Many college students are beginning to turn to anonymous chat rooms when faced with a personal hardship or when when they need an outlet. The idea is that a student can communicate with a complete stranger and be their true selves, or “new,” in the sense that they are not pressured to portray the persona they do in face-to-face interactions. Anonymous chat rooms are being particularly advocated for victims of sexual assault, who face unique harms when speaking out about their experience. While the idea is sound, it unfortunately may not be nearly as effective in application.
Of course, platforms for sexual assault victims to talk about their experiences are critical to the recovery process. Even if the victim has received “closure” through the successful resolution of a sexual assault case, the victim likely still needs a safe place to speak about what happened in a manner in which they won’t face judgement. While anonymous chat rooms could be that place, the risk of being identified remains, especially in a smaller school with a tight-knit community word may travel. This in turn means the victim could still potentially face unwelcome attention and gain an unfavorable reputation.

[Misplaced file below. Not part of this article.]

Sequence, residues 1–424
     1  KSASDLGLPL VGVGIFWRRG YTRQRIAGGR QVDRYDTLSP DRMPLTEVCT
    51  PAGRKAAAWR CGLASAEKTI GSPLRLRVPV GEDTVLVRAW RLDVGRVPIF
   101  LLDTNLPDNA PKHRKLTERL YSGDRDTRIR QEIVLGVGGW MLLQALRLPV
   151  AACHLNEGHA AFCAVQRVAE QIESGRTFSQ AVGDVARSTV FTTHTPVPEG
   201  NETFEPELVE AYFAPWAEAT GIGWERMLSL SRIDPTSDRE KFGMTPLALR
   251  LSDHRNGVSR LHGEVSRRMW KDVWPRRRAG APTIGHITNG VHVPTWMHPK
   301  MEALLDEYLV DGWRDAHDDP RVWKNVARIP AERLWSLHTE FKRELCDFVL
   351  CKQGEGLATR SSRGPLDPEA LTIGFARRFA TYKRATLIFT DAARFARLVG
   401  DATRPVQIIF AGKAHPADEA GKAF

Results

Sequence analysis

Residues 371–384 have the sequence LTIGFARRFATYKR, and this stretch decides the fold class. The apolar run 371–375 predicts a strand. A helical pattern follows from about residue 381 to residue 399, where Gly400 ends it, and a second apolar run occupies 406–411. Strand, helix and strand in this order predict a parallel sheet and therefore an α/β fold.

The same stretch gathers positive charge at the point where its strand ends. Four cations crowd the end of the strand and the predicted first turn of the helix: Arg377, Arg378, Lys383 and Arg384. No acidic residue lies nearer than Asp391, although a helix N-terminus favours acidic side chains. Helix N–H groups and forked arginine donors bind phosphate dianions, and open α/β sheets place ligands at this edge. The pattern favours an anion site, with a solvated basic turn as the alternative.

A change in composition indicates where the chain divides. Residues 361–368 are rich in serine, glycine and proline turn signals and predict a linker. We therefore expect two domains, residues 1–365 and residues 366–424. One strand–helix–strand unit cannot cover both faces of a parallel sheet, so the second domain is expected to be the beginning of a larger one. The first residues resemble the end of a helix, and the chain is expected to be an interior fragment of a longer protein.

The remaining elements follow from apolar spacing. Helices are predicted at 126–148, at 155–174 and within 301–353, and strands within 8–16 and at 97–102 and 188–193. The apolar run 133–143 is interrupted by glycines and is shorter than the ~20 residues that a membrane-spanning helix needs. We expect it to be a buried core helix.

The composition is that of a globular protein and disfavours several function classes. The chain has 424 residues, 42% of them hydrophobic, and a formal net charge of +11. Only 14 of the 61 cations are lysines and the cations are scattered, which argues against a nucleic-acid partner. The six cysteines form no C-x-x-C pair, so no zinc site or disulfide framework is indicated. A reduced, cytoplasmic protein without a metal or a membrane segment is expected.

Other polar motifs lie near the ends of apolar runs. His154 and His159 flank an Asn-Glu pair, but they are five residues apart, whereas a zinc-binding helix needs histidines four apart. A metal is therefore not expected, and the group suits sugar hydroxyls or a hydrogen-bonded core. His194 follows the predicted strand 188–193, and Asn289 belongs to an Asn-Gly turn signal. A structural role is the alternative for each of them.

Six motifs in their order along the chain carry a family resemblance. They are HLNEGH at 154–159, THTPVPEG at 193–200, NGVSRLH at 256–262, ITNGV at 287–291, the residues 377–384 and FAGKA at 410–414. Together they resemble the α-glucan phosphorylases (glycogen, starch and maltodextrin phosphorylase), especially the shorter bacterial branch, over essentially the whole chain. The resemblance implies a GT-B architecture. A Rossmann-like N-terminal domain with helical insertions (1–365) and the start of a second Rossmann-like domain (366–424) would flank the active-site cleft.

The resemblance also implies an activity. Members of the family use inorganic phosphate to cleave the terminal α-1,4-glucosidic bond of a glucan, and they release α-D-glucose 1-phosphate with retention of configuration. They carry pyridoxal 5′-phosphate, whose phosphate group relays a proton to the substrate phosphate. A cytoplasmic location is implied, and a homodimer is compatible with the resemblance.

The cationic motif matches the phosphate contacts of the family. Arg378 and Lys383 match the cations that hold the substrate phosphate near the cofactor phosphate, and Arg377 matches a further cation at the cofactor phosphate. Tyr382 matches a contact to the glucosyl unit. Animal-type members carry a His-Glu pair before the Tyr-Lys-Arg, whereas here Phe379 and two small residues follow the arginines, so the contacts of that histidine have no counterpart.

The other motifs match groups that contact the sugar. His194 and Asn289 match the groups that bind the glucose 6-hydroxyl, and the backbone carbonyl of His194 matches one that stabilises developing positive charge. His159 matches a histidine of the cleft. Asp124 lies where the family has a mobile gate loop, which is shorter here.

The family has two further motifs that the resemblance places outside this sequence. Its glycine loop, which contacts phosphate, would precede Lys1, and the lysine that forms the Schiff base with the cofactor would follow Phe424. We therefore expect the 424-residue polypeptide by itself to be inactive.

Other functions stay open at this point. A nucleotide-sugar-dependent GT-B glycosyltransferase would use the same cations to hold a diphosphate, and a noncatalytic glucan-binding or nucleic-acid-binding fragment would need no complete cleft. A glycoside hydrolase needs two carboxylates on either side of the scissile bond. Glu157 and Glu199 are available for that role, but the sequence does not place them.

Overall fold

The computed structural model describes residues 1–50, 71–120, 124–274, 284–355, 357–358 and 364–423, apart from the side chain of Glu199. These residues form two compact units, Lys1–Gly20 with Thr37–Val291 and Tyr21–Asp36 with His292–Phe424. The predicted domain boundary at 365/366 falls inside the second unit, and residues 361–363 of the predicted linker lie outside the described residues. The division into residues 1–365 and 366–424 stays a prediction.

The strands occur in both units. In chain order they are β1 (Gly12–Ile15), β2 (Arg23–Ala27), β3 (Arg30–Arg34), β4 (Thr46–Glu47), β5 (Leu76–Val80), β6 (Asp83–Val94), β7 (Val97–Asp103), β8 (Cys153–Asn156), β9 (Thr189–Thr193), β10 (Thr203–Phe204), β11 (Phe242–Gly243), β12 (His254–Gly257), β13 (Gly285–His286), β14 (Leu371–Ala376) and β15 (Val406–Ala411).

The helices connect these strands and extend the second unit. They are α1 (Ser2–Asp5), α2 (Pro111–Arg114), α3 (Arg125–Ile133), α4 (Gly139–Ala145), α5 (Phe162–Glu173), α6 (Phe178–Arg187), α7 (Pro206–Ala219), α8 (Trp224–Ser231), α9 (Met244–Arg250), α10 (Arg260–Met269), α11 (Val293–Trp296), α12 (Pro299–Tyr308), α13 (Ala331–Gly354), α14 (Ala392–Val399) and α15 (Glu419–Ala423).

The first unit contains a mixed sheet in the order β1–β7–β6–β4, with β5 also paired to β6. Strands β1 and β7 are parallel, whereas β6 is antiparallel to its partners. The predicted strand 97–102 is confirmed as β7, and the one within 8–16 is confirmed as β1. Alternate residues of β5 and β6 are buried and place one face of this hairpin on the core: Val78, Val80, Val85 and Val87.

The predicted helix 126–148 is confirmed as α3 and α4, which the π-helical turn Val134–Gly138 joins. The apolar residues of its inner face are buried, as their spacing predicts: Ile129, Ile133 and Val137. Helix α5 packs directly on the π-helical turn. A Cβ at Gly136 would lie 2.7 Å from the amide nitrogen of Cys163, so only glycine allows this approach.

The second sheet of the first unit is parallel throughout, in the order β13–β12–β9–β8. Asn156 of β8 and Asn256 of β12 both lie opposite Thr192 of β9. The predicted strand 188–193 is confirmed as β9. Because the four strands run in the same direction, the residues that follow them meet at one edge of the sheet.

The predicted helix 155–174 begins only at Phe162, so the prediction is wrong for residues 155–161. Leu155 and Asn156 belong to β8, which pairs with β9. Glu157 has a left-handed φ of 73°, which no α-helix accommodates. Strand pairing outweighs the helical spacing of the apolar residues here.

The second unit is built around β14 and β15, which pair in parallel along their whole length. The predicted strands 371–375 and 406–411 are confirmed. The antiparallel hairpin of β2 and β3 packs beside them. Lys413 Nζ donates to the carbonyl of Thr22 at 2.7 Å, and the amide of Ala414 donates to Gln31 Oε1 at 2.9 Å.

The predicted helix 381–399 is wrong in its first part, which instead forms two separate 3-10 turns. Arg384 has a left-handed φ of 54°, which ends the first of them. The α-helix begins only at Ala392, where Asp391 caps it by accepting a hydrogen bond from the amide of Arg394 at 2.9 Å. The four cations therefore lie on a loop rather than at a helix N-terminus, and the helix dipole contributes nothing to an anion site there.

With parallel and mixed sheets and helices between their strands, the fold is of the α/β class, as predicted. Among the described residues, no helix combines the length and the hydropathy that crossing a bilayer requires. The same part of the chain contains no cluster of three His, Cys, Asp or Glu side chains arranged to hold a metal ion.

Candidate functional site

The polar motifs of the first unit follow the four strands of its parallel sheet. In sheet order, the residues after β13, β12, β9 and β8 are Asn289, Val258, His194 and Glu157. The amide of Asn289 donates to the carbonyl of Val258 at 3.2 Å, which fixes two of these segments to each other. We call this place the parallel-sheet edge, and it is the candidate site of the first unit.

On the other hand, what about the student who had (what they thought) was a consensual sexual encounter, but the following day the other student suddenly claimed that they were intoxicated or otherwise didn’t provide consent? While these students may also need a safe place to talk about their experiences, they face the same danger that what they talk about online is not truly anonymous. If either their story, or that of the “victim” in this situation, becomes public, these students suddenly face the prospect of being seen as a sexual predator on campus.
In Hamilton, the musical’s namesake bemuses, “Legacy. What is a legacy? It’s planting seeds in a garden you never get to see.” Unfortunately, the faux safety net of online chat rooms may cause some students to plant seeds they never want to grow. Regardless of your role, anonymous chat rooms may not always be the safe place they are advocated to be, and your reputation can suffer as a result.
KJK has an entire practice group dedicated to Student & Athlete Defense, including Title IX claims. If your participation in an anonymous chat room did more harm than good, reach out to Susan Stone at 216.736.7220 or firstname.lastname@example.org or Kristina Supler at 216.736.7217 or email@example.com.
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